IX.Survival(track 16)

(Poetry by Bill Weaver; “The Survivor” from Plague Songs)

I am weary of waking every day to the facts of AIDS.

My spirit wilts, yet I must keep busy to cope.

If holding him and pampering him could make it go away,

then he'd be well.

But well is a relative thing. Better, yes; well, no.

This horrific virus can kill our bodies but not our souls.

We will affirm life every day that we have left.

I hate being a “short-time companion,” I want a very long time for us.

A glance over the edge terrifies me

I can't give him up; I'm not ready.

Ready or not, here we go. Bless us God, we need help.

Make me stronger that I feel.

(Traditional Latin text)

Choirs of angels sing you to your rest,

and with Lazarus once a humble man,

may you for evermore rest in peace.

Grant them eternal rest, O Lord,

grant them rest. Amen.

Composer/conductor/pianist James Adler has been hailed as a composer who “writes for both chorus and orchestra with uncommon imagination” (Derrick Henry in The Atlanta Journal Constitution). His extensive list of compositions is highlighted by Memento mori: An AIDS Requiem. Following its April 2000 New York premiere, conducted at Merkin Concert Hall by Johannes Somary, Bill Zakariasen acclaimed this “very ecumenical and consoling” work, which “gets straight to the heart.”

Memento mori features a “range of expression [that] is expansive” and “a variety of utterance [that] is nearly boundless” (American Record Guide); it was hailed by Corydon J. Carlson in the Choral Journal as “a powerful and wrenching work.” Three movements are available as separate octavos through Warner Bros. Publications, which also represents the entire work.

Mr. Adler is also the composer of Concerto in G for Piano and Orchestra and 3 Piano Transitions. A trio of his choral works was priased by Conan Castle in the Choral Journal as demonstrating “Adler's skillful and imaginative musical craft”: Carols of Splendor, “a cheerful, splashy tour de force, skillfully constructed and full of clever ideas,” the “rewarding” A Winter Triptych, and El Noi de La Mare (Catalan carol), “a gentle piece of great beauty.”

Other works by mr. Adler include It's Gotta Be America, commissioned and performed for the Centennial Celebration of the Statue of Liverty and Canticle For Peace, written and performed for the opening of the 43rd session of the United Nations General Assembly. He is the composer of the Classic Rag-time Suite, numerous solo, chamber, and additional choral works, and the award-winning film score for The Hat Act.

James Adler is also a busy performer and conductor. He made his performing debut with the Chicago Symphony Orchestra and has appeared in recital on the Orcehstra's Allied Arts Piano Series. Other highlights include appearances on the Dame Myra Hess Memorial Concert Series at the Chicago Cultural Center; being guest soloist before an audience of 50,000 at Chicago's Grant Park Concerts; solo performances from Alice Tully Hall to the Paramount Theatre at Madison Square Garden to the Demetria Festival in Thessaloniki, Greece; conducting the premiere of his Suite Moderne for Strings with the Concerto Soloists of Philadelphia; and a London orchestral performance in 1983 at the Royal Albert Hall, which was boradcast by the BBC.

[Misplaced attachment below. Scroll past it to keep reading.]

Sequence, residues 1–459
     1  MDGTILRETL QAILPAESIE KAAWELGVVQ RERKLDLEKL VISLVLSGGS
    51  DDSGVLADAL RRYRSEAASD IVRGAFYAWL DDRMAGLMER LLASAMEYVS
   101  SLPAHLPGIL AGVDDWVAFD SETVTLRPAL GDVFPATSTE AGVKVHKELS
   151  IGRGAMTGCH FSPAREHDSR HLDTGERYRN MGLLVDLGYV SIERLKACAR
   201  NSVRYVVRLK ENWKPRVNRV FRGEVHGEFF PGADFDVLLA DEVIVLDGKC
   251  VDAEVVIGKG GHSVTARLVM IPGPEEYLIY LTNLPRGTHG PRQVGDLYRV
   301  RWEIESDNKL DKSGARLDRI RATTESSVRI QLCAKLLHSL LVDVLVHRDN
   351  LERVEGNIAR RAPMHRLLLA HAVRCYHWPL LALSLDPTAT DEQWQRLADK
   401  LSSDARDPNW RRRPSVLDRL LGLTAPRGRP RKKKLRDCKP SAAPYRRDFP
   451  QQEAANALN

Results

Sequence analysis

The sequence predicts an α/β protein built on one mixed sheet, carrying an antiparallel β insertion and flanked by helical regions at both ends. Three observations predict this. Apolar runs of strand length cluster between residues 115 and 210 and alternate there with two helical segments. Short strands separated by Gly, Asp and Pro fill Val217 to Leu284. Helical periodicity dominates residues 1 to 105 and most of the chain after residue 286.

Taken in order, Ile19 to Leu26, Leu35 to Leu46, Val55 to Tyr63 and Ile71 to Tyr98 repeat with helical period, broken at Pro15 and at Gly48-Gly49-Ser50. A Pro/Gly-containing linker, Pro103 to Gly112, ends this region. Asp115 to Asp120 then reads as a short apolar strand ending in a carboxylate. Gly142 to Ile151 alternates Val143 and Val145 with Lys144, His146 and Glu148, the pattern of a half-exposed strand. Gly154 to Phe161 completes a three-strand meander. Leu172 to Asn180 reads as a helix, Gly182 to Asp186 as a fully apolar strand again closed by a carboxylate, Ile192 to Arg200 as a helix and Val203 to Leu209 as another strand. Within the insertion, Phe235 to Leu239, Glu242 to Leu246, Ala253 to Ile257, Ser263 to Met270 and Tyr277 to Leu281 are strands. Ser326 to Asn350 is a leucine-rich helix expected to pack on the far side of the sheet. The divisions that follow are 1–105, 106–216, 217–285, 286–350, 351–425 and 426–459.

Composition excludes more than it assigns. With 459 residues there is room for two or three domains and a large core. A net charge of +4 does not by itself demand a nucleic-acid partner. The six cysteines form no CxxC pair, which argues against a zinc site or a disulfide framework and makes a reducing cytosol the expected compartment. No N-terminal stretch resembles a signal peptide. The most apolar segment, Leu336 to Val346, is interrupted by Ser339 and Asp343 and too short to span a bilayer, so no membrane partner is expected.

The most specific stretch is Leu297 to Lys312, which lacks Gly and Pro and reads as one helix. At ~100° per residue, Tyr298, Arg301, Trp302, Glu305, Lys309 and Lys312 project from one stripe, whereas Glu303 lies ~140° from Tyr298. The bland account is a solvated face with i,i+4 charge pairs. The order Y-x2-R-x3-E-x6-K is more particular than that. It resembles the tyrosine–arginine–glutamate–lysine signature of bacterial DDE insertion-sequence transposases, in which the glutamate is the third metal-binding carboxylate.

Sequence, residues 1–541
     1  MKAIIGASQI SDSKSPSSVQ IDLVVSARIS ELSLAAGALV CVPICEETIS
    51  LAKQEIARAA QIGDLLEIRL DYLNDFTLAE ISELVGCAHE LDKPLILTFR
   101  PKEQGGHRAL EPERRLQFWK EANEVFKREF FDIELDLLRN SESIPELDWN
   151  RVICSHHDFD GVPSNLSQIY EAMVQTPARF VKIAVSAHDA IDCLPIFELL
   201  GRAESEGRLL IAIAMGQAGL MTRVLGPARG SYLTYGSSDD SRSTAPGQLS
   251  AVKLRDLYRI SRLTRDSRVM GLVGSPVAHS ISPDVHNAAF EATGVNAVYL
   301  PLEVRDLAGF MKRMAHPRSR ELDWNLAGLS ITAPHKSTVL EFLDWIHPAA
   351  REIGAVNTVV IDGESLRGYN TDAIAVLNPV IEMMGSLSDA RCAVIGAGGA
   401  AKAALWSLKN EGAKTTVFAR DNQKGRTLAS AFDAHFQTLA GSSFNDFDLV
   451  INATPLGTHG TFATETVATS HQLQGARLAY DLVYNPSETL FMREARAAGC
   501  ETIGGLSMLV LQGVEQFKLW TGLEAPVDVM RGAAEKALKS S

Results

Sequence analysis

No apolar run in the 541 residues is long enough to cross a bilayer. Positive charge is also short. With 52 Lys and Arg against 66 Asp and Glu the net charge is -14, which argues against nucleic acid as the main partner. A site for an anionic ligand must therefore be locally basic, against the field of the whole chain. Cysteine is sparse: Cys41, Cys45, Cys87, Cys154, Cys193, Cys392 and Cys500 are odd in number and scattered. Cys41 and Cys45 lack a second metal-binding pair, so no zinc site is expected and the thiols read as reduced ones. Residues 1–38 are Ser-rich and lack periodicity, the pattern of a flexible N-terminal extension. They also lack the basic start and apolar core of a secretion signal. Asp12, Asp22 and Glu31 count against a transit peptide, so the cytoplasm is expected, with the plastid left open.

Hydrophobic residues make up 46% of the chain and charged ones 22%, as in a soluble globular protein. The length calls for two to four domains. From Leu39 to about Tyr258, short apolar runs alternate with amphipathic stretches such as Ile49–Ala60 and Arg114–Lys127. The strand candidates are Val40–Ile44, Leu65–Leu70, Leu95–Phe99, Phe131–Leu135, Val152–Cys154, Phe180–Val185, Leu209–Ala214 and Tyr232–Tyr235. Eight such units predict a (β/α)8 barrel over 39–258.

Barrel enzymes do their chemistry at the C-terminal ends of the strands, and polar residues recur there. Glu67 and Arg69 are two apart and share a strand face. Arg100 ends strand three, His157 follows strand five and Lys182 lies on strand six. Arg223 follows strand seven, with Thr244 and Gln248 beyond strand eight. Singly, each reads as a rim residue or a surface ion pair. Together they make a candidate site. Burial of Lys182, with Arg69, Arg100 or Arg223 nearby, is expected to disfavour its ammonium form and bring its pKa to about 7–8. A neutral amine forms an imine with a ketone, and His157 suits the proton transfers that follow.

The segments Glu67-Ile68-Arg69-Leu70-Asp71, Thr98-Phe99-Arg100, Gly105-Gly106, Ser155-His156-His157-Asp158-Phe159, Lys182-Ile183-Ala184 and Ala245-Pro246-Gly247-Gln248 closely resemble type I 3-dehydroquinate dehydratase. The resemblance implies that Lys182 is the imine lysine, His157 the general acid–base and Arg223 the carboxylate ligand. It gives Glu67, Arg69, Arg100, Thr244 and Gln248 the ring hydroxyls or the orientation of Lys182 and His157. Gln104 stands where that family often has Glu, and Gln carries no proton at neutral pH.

A native of Chicago, James Adler is a graduate of the Curtis Institute of Music in Philadelphia. He is a member of the Fine Arts Department at St. Peter's College, where he has served as choral director. Mr. Adler has received grants from ASCA, Meet the Composer, and the New Jersey State Council on the Arts; he is also a laureate in Who's Who in American Music and the International Who's Who in Music. His multi-faceted career has led the Newhouse Newspapers to proclaim that “the name of James Adler is a triple threat, as his recognition as composer, conductor, and performer grows steadily.”

Mr. Adler offers special thanks to: Mark Blanchard, Virginia Brewer, Jean Lyman Goetz, David Grossberg, Scott Oaks, John Ostendorf, Sue Sinclair, Johannes Somary, Leon Van Dyke, Visual AIDS, Cindy Wallace, our fabulous soloists, choristers and orchestra, and his loving and supportive mother and family.

Chosen Family, by Philip Justin Smith, © 1992 by the AIDS Project Los Angeles Writers' Workshop. Used by permission.

“Now I Am Dead” © 1986 and “The Wounded” © 1989 by Quentin Crisp. Used by permission.

“The Park Flickers” © 1992 by Denise Stokes. Used by permission.

“The Survivor” © 1993 by Bill Weaver. Used by permission.


The subject at hand has some personal resonance - the loss of my own partner to a long illness, not AIDS, but terminal, premature, nonetheless, and many of James Adler's thoughts and his music are moving to me. My life-long collaboration with Johannes Somary continues happily with this CD and I was able to get a trio of my singer colleagues/friends Vickie, Jane and Máire on board as soloists. The entire recording process, while time-pressured (what recording project isn't) was particularly satisfying - a crew of New York's best professionals worked under the gun, exhibiting customary excellence, but also with something extra here, as both the musical and textual impact of Adler's work began to reveal themselves. All involved were, I think, inspired by the thing - and I hope this will communicate to the listener.

AmorArtis Chorale:

Johannes Somary, conductor

Cynthia Wallace Richards, contractor

Kevin Jones, rehearsal pianist

Tenors: James Bassi, Gregory Davidson, Neil Farrell, James Fredericks, Daniel Kirk-Foster, Douglas Purcell, Steve Raiford, Paul Solem.

Basses: Russell Ashley, Alan Rasmussen, Walter Richardson, Arthur Sjogren, Jon Szabo, Cliff Townsend, Mark Wagstrom, Lewis White.

AmorArtis Orchestra:

Johannes Somary, conductor

Virginia Brewer, contractor

Violins: Yuval Waldman, concertmaster; Linda Quan, Nancy Reed, Susana Heerema, Mitsuru Tsubota

Viola: Ann Roggen

Cello: Arthur Fiacco

Bass: Jack Kulowitch

Flute/Piccolo/Alto Flute: Zizi Mueller

Oboe/English Horn: Virginia Brewer

Clarinet: Paul Gallo

Bassoon: Andrew Schwartz

Horn: Sharon Moe

Trumpet: Oliver Gras

Trombone: Hugh Eddy

Harp: Bridget Kibbey

Percussion: James Neglia

Piano: James Adler

Organ: Eric Milnes